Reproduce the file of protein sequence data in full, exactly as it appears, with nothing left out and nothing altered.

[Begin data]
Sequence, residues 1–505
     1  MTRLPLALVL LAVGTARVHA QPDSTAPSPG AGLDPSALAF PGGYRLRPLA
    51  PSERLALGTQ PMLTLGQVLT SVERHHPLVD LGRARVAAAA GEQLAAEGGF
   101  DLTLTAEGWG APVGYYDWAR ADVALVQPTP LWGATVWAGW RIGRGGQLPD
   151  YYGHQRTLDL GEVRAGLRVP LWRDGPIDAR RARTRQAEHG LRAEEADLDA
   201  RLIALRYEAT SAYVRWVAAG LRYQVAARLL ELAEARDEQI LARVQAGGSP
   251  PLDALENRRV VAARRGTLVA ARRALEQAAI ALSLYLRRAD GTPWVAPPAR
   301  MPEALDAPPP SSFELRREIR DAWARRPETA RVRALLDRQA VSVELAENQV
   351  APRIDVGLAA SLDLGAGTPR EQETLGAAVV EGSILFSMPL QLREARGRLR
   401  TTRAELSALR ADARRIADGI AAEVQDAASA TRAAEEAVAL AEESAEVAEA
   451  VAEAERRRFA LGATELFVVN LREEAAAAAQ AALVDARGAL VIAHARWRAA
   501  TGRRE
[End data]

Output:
Sequence, residues 1–505
     1  MTRLPLALVL LAVGTARVHA QPDSTAPSPG AGLDPSALAF PGGYRLRPLA
    51  PSERLALGTQ PMLTLGQVLT SVERHHPLVD LGRARVAAAA GEQLAAEGGF
   101  DLTLTAEGWG APVGYYDWAR ADVALVQPTP LWGATVWAGW RIGRGGQLPD
   151  YYGHQRTLDL GEVRAGLRVP LWRDGPIDAR RARTRQAEHG LRAEEADLDA
   201  RLIALRYEAT SAYVRWVAAG LRYQVAARLL ELAEARDEQI LARVQAGGSP
   251  PLDALENRRV VAARRGTLVA ARRALEQAAI ALSLYLRRAD GTPWVAPPAR
   301  MPEALDAPPP SSFELRREIR DAWARRPETA RVRALLDRQA VSVELAENQV
   351  APRIDVGLAA SLDLGAGTPR EQETLGAAVV EGSILFSMPL QLREARGRLR
   401  TTRAELSALR ADARRIADGI AAEVQDAASA TRAAEEAVAL AEESAEVAEA
   451  VAEAERRRFA LGATELFVVN LREEAAAAAQ AALVDARGAL VIAHARWRAA
   501  TGRRE